Fixed term and casual employment agreements (and when to use them)

General / 25 March 2017
Fixed term and casual employment agreements (and when to use them)

All employers are required to provide employees with an individual employment agreement (IEA), but working out when to use a casual IEA and when to use a fixed term IEA may not be as straight forward as it sounds.

Fixed Term IEA?
A fixed term IEA can be used where an employer has a genuine reason, based on reasonable grounds, to employ on a fixed term basis, for example, covering for maternity leave or to complete a specific project.

Fixed term IEAs must specify:

The genuine reason for the fixed term;
The way the employment will end at the end of the fixed term; and
Why the employment will end in this way.
Where an employee is engaged for a fixed term, at the end of the fixed term, their employment will terminate.  If the fixed term IEA is not correctly drafted, employment is allowed to run on and does not end at expiry of the fixed term, or if the employee is given the expectation of continuing work after the fixed term, there is a real risk that the employment relationship will be “ongoing”.  In that case, the employer will only be able to end the employment relationship for “cause” (eg. redundancy, poor performance, disciplinary etc), and may also have additional obligations to the employee in terms of holidays and leave.

Casual IEA?
A casual employment relationship exists where an employee works on an “as and when required” basis only – that is, there is no expectation that work will be provided, or performed, on either party.  A casual IEA should be drafted in essentially the same way as a fixed term IEA, and reflect that work is for short periods of engagement as the parties may agree from time to time.  The terms of those engagements, including the reasons for the same, should also be recorded on each occasion that the employee is engaged to work.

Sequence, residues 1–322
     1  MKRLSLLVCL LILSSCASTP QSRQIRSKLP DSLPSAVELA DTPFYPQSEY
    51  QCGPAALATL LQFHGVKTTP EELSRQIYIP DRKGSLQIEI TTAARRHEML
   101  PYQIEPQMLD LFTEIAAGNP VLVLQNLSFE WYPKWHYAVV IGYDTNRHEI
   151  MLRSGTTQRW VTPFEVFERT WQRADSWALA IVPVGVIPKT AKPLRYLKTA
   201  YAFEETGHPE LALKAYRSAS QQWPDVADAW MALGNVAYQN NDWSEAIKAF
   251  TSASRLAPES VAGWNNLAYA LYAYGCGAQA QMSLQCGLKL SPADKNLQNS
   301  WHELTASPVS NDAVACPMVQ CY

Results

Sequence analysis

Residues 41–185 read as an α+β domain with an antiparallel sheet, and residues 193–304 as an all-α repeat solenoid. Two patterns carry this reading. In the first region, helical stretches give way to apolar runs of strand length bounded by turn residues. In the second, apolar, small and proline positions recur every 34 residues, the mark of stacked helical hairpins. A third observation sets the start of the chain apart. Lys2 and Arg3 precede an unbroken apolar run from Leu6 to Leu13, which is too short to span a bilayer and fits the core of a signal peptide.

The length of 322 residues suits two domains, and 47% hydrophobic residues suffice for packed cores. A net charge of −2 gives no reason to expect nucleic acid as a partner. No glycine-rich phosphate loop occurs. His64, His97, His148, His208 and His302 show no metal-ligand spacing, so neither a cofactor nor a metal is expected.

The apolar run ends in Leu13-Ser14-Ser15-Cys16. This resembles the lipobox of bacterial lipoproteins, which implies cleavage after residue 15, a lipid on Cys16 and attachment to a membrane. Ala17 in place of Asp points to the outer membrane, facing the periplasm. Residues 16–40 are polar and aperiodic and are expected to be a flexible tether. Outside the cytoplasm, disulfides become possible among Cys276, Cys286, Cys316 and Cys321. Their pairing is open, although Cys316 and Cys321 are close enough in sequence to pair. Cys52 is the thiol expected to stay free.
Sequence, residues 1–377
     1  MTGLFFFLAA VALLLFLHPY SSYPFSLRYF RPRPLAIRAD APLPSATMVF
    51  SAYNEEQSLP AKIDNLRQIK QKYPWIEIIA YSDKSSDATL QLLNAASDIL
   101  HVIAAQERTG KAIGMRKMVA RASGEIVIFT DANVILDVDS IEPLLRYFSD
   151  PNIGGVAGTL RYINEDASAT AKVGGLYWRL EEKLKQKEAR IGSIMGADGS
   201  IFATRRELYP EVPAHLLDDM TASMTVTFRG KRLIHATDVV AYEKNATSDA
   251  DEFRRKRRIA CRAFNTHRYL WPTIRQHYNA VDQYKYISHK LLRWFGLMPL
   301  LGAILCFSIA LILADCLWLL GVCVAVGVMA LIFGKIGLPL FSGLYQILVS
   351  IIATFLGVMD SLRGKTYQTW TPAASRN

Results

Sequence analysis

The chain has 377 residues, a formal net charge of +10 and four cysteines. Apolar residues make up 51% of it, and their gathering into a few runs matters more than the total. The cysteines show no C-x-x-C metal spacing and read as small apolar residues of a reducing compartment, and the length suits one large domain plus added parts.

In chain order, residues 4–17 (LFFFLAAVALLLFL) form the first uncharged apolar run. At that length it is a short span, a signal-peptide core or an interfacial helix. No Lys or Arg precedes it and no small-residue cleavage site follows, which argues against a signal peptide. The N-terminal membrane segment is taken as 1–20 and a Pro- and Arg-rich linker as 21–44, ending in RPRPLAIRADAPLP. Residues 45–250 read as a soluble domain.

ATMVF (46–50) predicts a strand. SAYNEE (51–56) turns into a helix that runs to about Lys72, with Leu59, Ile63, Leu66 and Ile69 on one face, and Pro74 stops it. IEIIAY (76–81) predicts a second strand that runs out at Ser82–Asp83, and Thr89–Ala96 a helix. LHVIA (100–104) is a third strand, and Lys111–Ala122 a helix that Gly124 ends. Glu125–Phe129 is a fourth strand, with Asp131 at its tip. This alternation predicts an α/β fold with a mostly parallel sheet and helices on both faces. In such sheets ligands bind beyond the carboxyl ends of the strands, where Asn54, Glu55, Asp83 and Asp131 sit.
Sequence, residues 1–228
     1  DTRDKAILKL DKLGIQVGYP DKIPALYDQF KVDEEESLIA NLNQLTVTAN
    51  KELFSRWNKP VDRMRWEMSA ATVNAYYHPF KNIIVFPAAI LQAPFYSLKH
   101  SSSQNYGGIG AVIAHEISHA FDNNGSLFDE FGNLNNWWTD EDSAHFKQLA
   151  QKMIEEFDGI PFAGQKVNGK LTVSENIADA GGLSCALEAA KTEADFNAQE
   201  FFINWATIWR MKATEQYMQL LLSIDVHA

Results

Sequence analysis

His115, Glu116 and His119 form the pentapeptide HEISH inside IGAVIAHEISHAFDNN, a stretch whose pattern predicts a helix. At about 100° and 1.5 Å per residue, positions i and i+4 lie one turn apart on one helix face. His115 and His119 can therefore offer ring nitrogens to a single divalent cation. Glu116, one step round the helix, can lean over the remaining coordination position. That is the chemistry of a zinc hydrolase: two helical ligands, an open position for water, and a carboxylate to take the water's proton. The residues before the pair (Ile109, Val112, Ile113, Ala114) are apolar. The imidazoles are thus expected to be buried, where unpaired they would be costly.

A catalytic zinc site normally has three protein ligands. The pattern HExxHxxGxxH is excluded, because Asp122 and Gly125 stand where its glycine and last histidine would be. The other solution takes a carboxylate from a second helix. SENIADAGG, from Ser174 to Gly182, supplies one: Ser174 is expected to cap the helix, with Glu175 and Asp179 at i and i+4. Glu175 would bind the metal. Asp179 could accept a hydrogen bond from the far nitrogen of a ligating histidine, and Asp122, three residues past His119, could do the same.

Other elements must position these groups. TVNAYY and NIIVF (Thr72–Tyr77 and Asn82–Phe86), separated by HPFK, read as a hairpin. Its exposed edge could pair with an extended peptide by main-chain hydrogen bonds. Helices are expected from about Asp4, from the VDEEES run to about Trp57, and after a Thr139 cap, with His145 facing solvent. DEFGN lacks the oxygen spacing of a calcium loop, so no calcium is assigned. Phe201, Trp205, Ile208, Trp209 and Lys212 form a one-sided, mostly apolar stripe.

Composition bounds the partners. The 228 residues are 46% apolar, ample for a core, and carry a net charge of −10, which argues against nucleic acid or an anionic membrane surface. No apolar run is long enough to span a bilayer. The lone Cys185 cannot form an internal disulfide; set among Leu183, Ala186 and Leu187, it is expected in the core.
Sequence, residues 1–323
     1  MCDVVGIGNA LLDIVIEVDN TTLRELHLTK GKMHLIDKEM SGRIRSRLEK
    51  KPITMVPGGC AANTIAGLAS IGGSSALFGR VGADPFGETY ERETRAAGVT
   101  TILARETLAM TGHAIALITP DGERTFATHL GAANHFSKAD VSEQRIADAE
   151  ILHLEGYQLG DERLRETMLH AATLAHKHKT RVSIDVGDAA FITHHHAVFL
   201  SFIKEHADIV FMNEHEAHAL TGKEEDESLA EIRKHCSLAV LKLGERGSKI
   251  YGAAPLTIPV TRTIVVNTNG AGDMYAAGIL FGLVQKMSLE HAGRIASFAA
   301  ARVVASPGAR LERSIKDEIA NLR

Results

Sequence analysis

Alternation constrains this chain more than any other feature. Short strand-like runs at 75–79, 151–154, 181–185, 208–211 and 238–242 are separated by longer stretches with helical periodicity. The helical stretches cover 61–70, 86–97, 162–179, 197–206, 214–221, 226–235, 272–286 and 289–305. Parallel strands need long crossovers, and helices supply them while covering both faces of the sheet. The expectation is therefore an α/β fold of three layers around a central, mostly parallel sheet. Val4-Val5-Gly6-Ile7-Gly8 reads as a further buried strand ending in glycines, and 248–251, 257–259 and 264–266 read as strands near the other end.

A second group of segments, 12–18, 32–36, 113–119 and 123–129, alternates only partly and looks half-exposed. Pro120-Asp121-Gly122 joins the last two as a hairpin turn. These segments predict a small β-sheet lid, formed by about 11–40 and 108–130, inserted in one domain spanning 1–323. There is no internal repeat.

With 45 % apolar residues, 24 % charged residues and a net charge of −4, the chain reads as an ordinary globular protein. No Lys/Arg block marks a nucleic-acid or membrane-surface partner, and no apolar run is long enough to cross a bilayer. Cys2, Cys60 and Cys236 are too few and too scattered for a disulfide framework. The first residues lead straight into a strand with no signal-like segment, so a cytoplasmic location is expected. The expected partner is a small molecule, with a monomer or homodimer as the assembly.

Significant risk exists where an employee is labelled “casual”, but actually works on a regular or continuous basis, because they are often not provided minimum holiday/leave entitlements, and therefore can claim for these.  Employers also cannot simply stop offering work to an employee who has been working in this way, or otherwise face possible personal grievance action.  Employees who work regularly or continuously should generally be engaged as an “ongoing” employee, with an appropriate IEA reflecting this, even if they only work part-time.

If you need advice to determine which agreement your employee should be on please contact us.

Disclaimer: We remind you that while this article provides commentary on employment law and health and safety topics, it should not be used as a substitute for legal or professional advice for specific situations. Please seek legal advice from your lawyer for any questions specific to your workplace.
March 2017

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